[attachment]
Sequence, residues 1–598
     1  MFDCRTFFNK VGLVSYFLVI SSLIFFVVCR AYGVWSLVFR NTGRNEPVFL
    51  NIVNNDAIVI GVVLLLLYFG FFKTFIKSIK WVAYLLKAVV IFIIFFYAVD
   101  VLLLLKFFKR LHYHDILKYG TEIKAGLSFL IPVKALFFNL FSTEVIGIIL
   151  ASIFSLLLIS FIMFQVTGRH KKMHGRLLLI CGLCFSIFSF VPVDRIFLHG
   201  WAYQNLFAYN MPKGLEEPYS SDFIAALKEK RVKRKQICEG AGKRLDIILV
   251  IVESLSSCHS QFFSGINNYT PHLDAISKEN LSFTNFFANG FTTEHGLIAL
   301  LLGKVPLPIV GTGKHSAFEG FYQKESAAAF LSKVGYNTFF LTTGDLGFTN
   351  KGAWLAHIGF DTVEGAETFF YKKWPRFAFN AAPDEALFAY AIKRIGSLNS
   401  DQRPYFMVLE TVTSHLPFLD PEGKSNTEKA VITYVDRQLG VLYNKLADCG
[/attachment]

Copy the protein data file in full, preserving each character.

Sequence, residues 1–598
     1  MFDCRTFFNK VGLVSYFLVI SSLIFFVVCR AYGVWSLVFR NTGRNEPVFL
    51  NIVNNDAIVI GVVLLLLYFG FFKTFIKSIK WVAYLLKAVV IFIIFFYAVD
   101  VLLLLKFFKR LHYHDILKYG TEIKAGLSFL IPVKALFFNL FSTEVIGIIL
   151  ASIFSLLLIS FIMFQVTGRH KKMHGRLLLI CGLCFSIFSF VPVDRIFLHG
   201  WAYQNLFAYN MPKGLEEPYS SDFIAALKEK RVKRKQICEG AGKRLDIILV
   251  IVESLSSCHS QFFSGINNYT PHLDAISKEN LSFTNFFANG FTTEHGLIAL
   301  LLGKVPLPIV GTGKHSAFEG FYQKESAAAF LSKVGYNTFF LTTGDLGFTN
   351  KGAWLAHIGF DTVEGAETFF YKKWPRFAFN AAPDEALFAY AIKRIGSLNS
   401  DQRPYFMVLE TVTSHLPFLD PEGKSNTEKA VITYVDRQLG VLYNKLADCG